Real estate in Bosnia-Herzegovina formerly held by the Gülenist Terror Group (FETÖ) is being sold off, local media in the country reported yesterday.
With a debt of more than 2.5 million euros ($2.88 million), property owned by Richmond Park Schools, which are reportedly linked to FETÖ, is being sold off by the bank after the loan agreement was violated, said the weekly Bosnian magazine Stav. The educational institution, originally known as Bosna Sema schools, has reportedly twice changed ownership since the 2016 defeated coup attempt but failed to inform the bank, violating the loan agreement.
FETÖ and its U.S.-based leader Fetullah Gülen orchestrated the defeated coup attempt of July 15, 2016, which killed 251 people and injured nearly 2,200 others. FETÖ also has a considerable presence outside of Turkey, including private educational institutions that serve as revenue streams for the terrorist group.
The magazine said fighting such FETÖ-linked institutions is not just a Turkish effort against the terror group but a domestic problem as long as the same structures operate in Bosnia-Herzegovina and try to indoctrinate children with a "sick" ideology.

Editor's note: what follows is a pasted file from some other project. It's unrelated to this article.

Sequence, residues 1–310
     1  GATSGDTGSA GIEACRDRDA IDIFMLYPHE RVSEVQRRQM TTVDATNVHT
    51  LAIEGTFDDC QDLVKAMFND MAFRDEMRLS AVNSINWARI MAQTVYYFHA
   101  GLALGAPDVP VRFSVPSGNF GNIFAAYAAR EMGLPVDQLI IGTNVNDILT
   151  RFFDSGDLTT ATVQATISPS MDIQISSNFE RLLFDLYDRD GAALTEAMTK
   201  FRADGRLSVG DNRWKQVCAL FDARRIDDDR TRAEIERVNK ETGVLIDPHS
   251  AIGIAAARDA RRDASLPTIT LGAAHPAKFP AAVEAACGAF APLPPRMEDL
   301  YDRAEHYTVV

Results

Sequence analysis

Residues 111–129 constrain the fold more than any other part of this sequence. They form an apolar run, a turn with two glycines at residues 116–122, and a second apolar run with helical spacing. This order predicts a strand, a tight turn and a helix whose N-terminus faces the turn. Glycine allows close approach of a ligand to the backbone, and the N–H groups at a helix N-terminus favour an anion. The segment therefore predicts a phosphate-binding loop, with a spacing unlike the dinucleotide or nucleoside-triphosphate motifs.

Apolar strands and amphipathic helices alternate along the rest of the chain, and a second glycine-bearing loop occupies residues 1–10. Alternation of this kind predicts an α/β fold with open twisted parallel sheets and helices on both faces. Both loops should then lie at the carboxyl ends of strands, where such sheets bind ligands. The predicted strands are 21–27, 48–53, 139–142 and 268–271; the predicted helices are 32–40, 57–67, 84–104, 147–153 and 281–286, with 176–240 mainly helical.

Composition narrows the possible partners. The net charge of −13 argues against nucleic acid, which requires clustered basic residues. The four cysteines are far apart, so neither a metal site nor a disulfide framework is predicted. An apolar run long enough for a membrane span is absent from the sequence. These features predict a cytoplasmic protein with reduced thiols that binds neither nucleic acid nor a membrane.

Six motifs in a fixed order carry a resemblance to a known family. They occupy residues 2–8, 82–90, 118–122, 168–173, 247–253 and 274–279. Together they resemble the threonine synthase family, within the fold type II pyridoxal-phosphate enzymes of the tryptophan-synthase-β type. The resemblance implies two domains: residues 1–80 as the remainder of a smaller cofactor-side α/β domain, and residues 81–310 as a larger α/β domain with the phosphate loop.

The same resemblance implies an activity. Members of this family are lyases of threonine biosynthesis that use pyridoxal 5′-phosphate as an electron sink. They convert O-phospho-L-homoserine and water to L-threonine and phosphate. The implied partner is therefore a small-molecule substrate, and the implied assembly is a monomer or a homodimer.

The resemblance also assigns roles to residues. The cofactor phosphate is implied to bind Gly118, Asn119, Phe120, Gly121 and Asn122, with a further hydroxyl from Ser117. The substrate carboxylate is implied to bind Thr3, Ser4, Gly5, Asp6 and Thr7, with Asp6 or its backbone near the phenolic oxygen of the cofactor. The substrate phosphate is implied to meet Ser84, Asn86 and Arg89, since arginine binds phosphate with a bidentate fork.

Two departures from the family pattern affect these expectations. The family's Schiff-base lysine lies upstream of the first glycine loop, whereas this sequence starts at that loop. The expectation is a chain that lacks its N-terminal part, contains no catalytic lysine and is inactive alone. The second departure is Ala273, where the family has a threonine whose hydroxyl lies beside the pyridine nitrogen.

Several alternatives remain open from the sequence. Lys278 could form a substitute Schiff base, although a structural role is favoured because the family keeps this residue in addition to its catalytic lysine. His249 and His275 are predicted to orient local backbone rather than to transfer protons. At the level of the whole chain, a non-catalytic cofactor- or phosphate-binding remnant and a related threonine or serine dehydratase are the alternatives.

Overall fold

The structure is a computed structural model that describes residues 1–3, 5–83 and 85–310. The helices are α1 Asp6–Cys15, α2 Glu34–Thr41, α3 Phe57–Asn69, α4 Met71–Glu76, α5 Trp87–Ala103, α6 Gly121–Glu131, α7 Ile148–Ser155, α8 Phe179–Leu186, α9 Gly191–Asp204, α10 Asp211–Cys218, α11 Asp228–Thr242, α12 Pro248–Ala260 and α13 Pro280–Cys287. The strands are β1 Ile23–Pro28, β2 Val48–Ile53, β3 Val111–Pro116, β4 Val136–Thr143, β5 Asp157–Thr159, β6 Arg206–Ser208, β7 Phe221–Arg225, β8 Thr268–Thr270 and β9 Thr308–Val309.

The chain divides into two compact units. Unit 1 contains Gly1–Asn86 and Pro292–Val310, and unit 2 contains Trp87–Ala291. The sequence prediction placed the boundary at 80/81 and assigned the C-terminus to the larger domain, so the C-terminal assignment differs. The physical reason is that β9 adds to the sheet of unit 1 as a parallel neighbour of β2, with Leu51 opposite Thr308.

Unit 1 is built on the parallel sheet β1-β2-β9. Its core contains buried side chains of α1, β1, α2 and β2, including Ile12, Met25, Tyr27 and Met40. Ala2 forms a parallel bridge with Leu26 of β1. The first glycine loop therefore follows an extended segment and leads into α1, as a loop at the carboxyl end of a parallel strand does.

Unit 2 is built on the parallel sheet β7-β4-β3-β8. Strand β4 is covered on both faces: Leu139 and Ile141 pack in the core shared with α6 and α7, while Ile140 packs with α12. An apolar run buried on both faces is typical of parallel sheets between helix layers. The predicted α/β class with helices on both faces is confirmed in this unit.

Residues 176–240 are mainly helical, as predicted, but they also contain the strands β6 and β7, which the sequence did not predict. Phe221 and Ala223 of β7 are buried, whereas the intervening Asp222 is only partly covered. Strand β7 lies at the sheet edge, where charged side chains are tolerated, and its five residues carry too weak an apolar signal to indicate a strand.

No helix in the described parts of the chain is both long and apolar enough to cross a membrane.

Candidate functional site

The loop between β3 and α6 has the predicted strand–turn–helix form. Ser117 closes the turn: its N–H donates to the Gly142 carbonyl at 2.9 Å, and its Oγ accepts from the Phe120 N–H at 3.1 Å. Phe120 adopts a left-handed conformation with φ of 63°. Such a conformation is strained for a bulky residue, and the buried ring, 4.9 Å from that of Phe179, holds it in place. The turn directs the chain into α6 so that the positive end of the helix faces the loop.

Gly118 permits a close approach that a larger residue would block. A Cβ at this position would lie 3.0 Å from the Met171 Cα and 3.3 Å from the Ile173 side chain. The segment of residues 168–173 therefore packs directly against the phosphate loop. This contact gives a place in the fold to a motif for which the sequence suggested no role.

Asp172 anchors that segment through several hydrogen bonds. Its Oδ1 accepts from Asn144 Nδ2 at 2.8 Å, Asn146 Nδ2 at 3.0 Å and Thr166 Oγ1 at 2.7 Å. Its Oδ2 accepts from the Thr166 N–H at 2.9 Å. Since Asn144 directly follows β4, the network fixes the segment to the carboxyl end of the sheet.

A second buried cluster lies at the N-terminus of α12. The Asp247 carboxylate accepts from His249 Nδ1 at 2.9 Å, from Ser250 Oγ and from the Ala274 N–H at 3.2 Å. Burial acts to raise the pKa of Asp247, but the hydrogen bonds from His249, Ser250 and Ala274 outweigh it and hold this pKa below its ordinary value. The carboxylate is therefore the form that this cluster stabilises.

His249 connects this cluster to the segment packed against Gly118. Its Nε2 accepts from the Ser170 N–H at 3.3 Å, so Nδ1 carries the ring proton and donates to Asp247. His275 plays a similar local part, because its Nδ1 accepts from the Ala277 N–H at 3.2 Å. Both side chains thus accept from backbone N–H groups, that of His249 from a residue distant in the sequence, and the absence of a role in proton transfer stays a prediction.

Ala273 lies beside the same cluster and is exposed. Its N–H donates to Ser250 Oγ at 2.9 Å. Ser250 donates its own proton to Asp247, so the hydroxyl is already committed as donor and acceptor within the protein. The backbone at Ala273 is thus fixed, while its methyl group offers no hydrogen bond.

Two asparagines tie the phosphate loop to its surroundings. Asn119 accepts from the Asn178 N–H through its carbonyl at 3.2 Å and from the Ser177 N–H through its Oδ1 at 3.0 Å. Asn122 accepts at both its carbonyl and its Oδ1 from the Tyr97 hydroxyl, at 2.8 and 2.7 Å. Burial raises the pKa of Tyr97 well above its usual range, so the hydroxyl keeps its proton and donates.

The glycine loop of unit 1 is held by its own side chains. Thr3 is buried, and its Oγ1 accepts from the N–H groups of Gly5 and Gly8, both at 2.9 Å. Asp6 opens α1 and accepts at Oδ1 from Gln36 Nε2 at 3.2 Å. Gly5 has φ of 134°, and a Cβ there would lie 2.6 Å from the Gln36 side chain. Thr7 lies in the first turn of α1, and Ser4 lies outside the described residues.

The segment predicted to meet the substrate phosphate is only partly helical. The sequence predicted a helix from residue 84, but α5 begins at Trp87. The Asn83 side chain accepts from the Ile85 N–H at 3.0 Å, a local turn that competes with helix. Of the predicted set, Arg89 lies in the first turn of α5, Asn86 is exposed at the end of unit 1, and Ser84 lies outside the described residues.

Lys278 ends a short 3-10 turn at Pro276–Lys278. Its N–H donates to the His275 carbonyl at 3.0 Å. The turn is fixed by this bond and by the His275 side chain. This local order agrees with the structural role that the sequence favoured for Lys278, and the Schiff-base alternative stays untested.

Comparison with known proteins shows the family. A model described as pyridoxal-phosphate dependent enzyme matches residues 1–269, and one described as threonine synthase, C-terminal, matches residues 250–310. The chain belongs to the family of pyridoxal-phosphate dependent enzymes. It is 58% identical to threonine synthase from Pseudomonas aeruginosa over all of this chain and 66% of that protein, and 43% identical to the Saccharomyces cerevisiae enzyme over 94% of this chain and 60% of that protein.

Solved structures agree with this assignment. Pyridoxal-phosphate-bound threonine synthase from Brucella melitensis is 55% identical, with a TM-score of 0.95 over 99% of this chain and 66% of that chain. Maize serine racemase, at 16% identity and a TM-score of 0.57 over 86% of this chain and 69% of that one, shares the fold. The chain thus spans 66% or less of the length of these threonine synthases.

After the bank took security measures to collect the debt, the legal process for the sale of the school's real estate was initiated, according to the magazine. As of April 2017, Richmond Park Schools also had a tax debt of 23,000 euros to the Federation of Bosnia-Herzegovina. This also played a major role in the bank terminating the loan agreement. The bank also froze accounts linked to the loans.
When Richmond Park Schools objected to this, a municipal court in Sarajevo ordered the accounts reopened, but a higher court overruled the decision, freezing the accounts once again.
Anel Kurtovic, a lawyer for the bank, said Richmond Park Schools had violated many laws, including ones against money laundering and preventing terrorism.
Kurtovic also said Richmond Park Schools was a very low-capital, offshore company – a shell company – established to hide the identity of its founders, and as a result, the schools' true owners are not clear. He stressed the importance of how and by whom this institution is financed.
According to the magazine, the institution's real estate had also been mortgaged for a loan to a company called Fidan, a FETÖ-linked tourism company. The loan totaled some 750,000 euros.
This sort of alleged shell game resembles other asset-shifting schemes the terror group has been accused of, including a 2016 case in the U.S. state of New Jersey, which also involved schools.
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